We can conjecture, though we can never verify, that Buddhists were quite tolerant of the practices of the Muslims even if they ran counter to the teachings of their faith. Paul Pieris in his account of Portuguese rule, referring to two authorities, tells us that after the marauding invaders made friendly overtures to Sinhala people and the latter reciprocated them, the Sinhala people were angered by attempts to kill their cattle. We know that the Muslim population in the island predated the Portuguese by at least nine centuries. Therefore, we can speculate that their customs were tolerated as those of a community which had been absorbed to the country, while the slaughter of cattle by a foreign people was looked at as an act of disrespect, if not aggression.

The ties between the Sinhala people and Muslims of the time were tested, and then strengthened, by attacks made on both groups by the Portuguese. Fresh from their Reconquista of the Iberian Peninsula, the Portuguese tried to exclude Muslim traders from the new country the capital of which they planned to establish a Fort at. In 1518 de Albergaria, the Governor, visited the King and asked him to move the Muslims out, but having conferred with his people, the latter was advised not to accede to it, since the Portuguese were seeking to impose their rule through deception; Pieris tells us that a case for the Islamic community was made there by Buddhist monks.

By now their reputation had transcended their position as traders; in fact, they had brought with them their renowned treatises on medicine, which no doubt endeared them to the kings: not only were they allowed to practice their religion freely, but they were also often employed as royal physicians. Owing to their widespread reputation, the rulers thus accommodated them whenever they were ostracised: Senarat of Kandy, for instance, settled 4,000 Muslims in the East in 1626 AD after they had been chased by the Portuguese from the Western coast.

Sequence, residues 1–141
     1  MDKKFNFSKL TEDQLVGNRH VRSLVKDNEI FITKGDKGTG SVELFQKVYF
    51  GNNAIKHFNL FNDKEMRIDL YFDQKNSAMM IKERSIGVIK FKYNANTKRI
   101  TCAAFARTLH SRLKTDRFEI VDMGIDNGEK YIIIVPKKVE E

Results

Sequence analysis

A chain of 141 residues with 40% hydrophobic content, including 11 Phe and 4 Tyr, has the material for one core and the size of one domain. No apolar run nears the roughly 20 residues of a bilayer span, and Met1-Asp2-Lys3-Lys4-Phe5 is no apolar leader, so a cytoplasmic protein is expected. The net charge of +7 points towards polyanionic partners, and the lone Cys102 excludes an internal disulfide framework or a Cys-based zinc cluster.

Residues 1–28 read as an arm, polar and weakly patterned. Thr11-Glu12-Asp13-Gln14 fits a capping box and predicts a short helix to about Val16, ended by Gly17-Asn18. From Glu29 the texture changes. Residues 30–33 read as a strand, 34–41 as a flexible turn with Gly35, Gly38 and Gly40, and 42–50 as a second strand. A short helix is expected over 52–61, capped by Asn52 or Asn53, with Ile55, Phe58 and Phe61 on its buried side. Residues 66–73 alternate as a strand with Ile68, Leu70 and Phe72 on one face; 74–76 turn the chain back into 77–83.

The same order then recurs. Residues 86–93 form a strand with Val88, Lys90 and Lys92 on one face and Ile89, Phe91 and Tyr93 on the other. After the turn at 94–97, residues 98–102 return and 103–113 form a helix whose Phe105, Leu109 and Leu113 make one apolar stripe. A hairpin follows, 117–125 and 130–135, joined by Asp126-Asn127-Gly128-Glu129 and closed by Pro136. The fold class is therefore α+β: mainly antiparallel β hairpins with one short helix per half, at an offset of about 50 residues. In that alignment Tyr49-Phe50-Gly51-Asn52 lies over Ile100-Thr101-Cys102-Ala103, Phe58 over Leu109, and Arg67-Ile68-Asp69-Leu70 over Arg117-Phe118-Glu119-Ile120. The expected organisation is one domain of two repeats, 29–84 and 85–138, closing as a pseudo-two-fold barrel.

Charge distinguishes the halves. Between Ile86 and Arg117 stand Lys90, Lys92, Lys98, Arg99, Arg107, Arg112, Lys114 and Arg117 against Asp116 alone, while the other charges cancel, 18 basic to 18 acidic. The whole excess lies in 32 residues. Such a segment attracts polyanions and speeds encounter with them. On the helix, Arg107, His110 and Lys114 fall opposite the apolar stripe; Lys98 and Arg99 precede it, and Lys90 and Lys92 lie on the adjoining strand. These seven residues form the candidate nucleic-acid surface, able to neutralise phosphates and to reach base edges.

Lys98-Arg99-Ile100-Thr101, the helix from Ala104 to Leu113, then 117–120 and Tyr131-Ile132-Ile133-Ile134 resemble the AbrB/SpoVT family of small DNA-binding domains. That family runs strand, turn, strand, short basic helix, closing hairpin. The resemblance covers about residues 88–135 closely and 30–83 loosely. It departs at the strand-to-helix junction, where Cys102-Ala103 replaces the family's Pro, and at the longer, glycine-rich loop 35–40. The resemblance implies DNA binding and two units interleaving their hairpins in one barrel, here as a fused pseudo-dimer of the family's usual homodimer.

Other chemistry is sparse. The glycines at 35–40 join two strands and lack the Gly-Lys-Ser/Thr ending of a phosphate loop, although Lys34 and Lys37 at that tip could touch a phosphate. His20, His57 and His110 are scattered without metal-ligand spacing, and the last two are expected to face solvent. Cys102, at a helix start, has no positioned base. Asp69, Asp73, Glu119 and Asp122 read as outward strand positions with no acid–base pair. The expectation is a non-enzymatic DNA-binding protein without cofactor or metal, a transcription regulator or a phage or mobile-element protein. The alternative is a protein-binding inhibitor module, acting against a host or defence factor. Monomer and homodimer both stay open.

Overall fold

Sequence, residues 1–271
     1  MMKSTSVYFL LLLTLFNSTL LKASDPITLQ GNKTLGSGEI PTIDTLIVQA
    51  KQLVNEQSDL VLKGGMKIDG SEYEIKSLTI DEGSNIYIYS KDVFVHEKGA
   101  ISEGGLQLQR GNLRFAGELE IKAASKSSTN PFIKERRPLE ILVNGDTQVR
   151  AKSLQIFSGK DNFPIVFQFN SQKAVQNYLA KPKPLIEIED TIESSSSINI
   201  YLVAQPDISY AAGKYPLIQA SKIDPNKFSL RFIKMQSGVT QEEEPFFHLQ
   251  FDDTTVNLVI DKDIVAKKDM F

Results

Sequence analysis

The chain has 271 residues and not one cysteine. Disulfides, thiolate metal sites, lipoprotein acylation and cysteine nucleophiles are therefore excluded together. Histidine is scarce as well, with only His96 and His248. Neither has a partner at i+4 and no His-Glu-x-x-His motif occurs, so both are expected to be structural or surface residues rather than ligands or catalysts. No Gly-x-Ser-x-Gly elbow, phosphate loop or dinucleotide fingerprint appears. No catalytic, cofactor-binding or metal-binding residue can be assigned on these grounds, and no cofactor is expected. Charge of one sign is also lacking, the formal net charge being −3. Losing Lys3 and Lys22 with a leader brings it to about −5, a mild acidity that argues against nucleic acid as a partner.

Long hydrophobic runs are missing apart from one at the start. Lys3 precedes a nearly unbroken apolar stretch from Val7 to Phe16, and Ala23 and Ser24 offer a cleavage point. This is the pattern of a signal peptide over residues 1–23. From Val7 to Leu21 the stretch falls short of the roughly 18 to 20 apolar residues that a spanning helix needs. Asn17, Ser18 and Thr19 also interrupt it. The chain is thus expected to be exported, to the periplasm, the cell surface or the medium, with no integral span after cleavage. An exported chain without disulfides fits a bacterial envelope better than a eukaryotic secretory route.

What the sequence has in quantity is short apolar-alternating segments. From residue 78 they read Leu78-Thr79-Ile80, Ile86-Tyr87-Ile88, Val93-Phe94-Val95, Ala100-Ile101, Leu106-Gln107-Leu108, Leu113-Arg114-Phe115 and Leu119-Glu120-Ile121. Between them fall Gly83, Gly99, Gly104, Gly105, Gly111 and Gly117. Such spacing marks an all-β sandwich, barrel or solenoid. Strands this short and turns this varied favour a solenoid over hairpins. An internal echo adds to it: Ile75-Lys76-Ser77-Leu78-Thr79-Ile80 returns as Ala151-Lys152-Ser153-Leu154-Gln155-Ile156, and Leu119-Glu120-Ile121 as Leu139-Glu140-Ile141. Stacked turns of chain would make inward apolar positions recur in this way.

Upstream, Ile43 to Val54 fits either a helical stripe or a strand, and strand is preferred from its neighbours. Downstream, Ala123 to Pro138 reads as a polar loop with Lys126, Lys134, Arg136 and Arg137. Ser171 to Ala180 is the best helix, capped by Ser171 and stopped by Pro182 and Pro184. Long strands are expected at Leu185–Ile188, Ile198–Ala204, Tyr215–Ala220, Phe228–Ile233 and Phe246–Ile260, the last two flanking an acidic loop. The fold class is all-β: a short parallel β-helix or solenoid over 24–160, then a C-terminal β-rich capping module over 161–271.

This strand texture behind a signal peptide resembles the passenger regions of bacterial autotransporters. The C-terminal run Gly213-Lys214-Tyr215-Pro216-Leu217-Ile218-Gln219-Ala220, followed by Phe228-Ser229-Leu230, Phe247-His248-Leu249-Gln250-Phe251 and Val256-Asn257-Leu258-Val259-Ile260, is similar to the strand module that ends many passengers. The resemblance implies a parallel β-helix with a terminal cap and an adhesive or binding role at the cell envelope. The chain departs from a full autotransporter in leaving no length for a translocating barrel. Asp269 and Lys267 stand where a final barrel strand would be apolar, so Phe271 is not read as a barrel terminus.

On their part, the Muslims responded. Here we can recount two instances.

The first. It is said that Rajasinghe II of Kandy hid himself in a large tree in the village of Pangaragammana after fleeing from a failed encounter with the Portuguese, and when the Portuguese searching for him demanded of a Moor woman (who knew of his whereabouts) as to where he was hiding, and she refused to divulge the secret, they killed her immediately and cut her to pieces.

The second. There is an account of Narendrasinghe stopping at Sellankendal on his way to Navadkadu; the Moors of Sellankendal ensured his stay was as comfortable as possible. Later, when news of a would be usurper coming to assassinate the King compelled them to raise arms against the intruding forces, those who had come to pay respects to Narendrasinghe laid down their lives to protect him. For this gesture the grateful King is said to have presented the village with his personal flag, along with a horde of other invaluable symbols and items belonging to him.

All of this shows that we have to account for our history in order to bring together the ethnic, religious, and social groups of our country. Here I quote Vinod Moonesinghe: “[W]e must adjust our exclusivist historiographies. Like our ancestors, we should both emphasise the similarities and enjoy the diversity. The first step could be, as the late Regi Siriwardena suggested, highlighting ‘the diverse ethnic strands that have gone into the making of our nationhood and the various elements that these ethnic groups have contributed to our culture, and indeed to our daily existence’.”

I agree with him there. I think we all should.

The writings of Premakumara de Silva, Megasthenes, Paul Pieris, Latheef Farook, and of course Vinod Moonesinghe were used for this article.

Friday, October 26, 2018